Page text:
Home News Former NFL player, UM alumnus accepts spot in Michigan trooper academy class

Former NFL player, UM alumnus accepts spot in Michigan trooper academy class

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Former Michigan Wolverine and NFL player Cameron Gordon.
Former Michigan Wolverine and NFL player Cameron Gordon.

State police officials say the looming wave of retirements could hurt the department.

In an effort to meet multiple objectives, the State police last week extended a conditional job offer to an ex-NFL player making him an official member of the next trooper recruiting school.

Cam Gordon had just been cut by the Kansas City Chiefs and was “team hopping” in the National Football League when he found his second calling, reports The Detroit News.

The former University of Michigan and New England Patriots linebacker is looking for a way to make a difference in his community.

“I came to the realization that I just wasn’t performing the way that I once was,” Gordon, 25, told The Detroit News.

Gordon, a Detroit native, suffered multiple injuries during his career including stress fractures in his back, multiple concussions, and a knee injury.

“So I said, ‘What is another career that will allow me to have an impact, have influence on younger kids and also leave behind a positive legacy?’ Instantly, state trooper — law enforcement — jumped into my mind.”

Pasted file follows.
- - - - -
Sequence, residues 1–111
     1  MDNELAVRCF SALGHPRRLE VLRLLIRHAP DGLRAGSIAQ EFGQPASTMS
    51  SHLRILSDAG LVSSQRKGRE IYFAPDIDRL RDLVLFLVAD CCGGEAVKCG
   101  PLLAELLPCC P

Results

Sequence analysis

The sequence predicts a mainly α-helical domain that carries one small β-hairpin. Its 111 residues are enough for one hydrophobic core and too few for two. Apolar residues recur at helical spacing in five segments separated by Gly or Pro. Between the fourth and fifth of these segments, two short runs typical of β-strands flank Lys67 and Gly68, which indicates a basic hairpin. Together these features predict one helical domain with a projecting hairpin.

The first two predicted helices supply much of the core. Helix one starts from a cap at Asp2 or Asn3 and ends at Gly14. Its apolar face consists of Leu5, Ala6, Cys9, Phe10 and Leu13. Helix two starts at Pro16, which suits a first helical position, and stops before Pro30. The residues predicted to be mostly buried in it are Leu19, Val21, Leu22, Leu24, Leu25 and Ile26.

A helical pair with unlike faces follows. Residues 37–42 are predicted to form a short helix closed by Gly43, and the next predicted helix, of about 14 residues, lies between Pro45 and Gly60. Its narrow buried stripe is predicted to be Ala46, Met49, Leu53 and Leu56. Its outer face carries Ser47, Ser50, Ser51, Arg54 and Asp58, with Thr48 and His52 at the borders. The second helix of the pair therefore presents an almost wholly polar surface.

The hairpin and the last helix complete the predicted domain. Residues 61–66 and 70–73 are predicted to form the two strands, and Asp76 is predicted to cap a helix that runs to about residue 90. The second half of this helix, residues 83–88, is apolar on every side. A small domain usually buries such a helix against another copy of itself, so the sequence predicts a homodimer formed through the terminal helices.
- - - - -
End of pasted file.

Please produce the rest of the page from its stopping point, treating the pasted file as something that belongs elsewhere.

Gordon fills multiple needs for the Michigan State Police, who are seeking young talent as hundreds of state police become eligible to retire in the next three years. As an African-American, he also complements the department’s efforts to boost diversity in what remains a predominately white police force.

Officials say despite Gov. Rick Snyder’s push to fund new recruiting schools and get more troopers on the road — the troopers are experiencing a severe shortage of troopers on the road. A state senator who helps build state police budgets is worried trooper losses through attrition will jeopardize efforts to combat violent crime in cities such as Detroit and Flint.

Snyder’s proposed budget for 2018 includes an additional $9.2 million to train 100 new troopers, which his office says would bring the total number of state police personnel to its highest point since 2003.

But the department has “a serious attrition issue coming up” that could cut into that number, state police Director Kriste Etue told legislators during a recent budget hearing.

More than 250 enlisted state police are expected to retire between June 2018 and September 2020, said spokeswoman Shanon Banner. That’s because graduates from six large recruiting classes are set to reach the 25-year threshold that affords them full retirement benefits from the state.

“At least 200 will be walking out the door. So if we hire 100 with this school, that’s really not even keeping up with attrition as we look forward to the year 2020,” Etue told The Detroit News.

The agency has hired hundreds of troopers in recent years under Snyder, she said, “but with attrition we’re netting just a couple hundred.”

 

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